A Day Trip, Isan Thailand
Most Thais, it would seem, have never heard of Ban Chiang. Nor are most foreigners to Thailand aware of it, and it is certainly not on any regular tourist circuits.
However, this UNESCO World Heritage Site (one of five in the Kingdom of Thailand) is considered to be the most important archaeological site in Southeast Asia!
It is located within Isan, I region where I recently spent two weeks and is 50 km east of the regional hub of Udon Thani. We spent about three hours there.
For over a hundred years it was accepted as fact in the scientific community that SE Asian civilization including rice cultivation and the Bronze and Iron Ages migrated from either China or India. Well it turns out they were wrong!
True story: In 1966, Steve Young, an anthropology student at Harvard College, was living in the area conducting interviews for his senior honors thesis. One day he tripped over the root of a tree and fell face down where he noticed the edges of some red pottery buried in the earth.
He recognized the potential significance of this find and brought it to the attention of the royal family. The following year the first excavations revealed human remains along with bronze grave gifts.
A visit by His Majesty King Bhumibol Adulyadej followed in 1972. As a young man, the King received scientific and medical education in the west and had a keen interest in furthering research. Samples were sent abroad for carbon and thermoluminescence dating.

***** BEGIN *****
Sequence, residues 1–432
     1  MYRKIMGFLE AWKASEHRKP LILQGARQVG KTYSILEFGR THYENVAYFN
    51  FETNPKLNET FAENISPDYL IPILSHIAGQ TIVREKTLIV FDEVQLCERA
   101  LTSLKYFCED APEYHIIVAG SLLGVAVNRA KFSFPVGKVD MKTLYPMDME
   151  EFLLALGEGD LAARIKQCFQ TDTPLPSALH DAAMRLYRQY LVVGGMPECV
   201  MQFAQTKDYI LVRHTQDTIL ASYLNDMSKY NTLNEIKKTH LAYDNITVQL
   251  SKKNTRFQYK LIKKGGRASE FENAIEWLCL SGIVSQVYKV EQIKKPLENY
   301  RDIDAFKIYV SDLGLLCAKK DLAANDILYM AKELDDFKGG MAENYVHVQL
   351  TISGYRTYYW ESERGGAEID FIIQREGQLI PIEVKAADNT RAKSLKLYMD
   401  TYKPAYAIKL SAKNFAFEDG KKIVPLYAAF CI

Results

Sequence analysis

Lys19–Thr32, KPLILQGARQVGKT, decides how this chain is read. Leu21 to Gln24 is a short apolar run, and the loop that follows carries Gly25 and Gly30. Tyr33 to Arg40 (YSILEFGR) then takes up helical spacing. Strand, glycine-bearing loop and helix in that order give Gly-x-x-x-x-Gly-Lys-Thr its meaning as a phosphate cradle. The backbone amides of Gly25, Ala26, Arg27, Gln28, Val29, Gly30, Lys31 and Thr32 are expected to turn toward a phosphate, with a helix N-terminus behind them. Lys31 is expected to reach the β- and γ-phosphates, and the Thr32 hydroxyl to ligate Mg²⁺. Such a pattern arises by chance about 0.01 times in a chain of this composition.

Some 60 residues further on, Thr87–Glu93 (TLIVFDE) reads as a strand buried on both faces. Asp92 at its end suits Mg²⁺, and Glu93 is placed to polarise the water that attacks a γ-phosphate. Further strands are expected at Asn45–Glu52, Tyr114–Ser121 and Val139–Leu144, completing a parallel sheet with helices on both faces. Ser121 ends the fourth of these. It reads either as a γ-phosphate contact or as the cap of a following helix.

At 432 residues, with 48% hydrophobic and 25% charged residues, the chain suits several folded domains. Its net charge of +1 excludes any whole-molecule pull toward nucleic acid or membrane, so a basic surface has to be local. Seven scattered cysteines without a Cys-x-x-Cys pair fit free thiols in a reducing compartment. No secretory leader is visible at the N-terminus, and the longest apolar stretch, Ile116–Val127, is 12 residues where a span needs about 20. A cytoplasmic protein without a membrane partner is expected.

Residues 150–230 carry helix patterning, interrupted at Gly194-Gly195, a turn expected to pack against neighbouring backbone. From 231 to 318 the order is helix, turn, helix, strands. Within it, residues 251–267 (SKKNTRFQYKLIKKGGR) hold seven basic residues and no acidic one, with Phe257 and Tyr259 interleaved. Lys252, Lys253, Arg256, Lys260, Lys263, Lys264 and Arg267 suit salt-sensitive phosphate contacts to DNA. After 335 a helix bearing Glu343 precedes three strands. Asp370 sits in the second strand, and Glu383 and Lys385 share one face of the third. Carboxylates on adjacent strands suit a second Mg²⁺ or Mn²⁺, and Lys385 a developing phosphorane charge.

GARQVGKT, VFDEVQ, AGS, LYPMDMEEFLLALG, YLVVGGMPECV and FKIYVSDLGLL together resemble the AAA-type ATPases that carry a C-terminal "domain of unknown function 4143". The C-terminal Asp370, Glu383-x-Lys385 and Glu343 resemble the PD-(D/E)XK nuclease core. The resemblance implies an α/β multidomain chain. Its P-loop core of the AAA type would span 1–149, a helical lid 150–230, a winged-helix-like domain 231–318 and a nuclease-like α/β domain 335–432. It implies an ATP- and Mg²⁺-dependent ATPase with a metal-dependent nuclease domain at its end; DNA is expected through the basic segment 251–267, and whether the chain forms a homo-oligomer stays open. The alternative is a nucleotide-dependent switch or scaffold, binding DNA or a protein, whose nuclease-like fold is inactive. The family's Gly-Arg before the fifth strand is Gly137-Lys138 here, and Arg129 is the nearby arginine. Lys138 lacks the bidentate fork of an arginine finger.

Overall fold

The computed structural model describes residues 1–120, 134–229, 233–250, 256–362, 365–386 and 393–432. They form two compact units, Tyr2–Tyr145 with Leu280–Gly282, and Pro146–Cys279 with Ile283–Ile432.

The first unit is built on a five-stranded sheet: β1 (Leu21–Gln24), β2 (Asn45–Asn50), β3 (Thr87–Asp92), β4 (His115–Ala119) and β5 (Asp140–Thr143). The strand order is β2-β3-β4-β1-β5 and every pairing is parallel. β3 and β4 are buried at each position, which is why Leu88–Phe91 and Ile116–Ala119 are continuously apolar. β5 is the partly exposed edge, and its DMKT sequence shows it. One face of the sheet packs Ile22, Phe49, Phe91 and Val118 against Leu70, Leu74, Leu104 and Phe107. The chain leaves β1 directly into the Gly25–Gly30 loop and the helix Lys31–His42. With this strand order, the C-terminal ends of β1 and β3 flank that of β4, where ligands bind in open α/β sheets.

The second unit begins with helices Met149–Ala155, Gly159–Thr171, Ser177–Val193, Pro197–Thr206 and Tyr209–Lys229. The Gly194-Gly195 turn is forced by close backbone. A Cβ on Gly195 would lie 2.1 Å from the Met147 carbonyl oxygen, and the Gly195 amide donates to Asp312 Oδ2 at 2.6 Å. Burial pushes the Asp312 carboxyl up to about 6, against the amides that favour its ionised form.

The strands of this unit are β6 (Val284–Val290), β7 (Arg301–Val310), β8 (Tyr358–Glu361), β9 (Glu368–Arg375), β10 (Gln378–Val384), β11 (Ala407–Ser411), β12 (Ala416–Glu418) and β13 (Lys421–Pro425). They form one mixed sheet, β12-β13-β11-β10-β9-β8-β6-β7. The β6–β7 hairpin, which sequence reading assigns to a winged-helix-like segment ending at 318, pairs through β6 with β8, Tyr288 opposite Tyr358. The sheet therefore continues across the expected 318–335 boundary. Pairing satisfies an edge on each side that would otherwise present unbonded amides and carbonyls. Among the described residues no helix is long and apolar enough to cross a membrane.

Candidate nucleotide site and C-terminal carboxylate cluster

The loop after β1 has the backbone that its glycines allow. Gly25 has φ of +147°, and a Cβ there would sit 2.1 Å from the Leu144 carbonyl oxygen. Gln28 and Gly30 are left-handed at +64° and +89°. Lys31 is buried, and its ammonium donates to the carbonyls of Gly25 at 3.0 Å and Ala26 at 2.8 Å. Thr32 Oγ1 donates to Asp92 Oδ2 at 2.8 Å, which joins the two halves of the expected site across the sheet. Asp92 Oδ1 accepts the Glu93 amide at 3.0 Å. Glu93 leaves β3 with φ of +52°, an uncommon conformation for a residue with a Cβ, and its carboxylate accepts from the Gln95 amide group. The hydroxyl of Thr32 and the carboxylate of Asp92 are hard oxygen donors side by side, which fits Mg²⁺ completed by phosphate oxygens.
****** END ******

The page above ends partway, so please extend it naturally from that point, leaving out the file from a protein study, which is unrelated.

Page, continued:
The findings at Ban Chiang cover three periods, Neolithic (with evidence of rice cultivation), Bronze and Iron Ages (with evidence of forging and accompanying artifacts). The earliest artifacts are dated between 5,500 and 6,000 years ago!
Much has been subsequently learned in the ensuing decades and for those interested, a great deal of it is published and widely available. The cliff notes version is that rice cultivation and the Bronze age developed quite independently in what is presently Ban Chiang, Thailand.
The site has been excavated and preserved. A well thought out National Museum displays hundreds of pots and other objects as well as providing much educational information. The actual site is located a short distance away and is in the middle of a Buddhist Wat. The site is now a second museum and is included in the US$5 admission price ($1 for Thai citizens). Non-flash photography is allowed in all areas.
In 1992, UNESCO inscribed Ban Chiang as a World Heritage Site. This was their criteria: Ban Chiang is considered the most important prehistoric settlement so far discovered in South-East Asia. It marks an important stage in human cultural, social and technological evolution. The site presents the earliest evidence of farming in the region and of the manufacture and use of metals.
I thoroughly enjoyed my visit as did my girlfriend and her family all of whom live about two hours from the site and had never visited. We all learned a great deal about the pre-history of Thailand and Southeast Asia. All displays are in English and Thai. This must be the most underrated attraction in Thailand.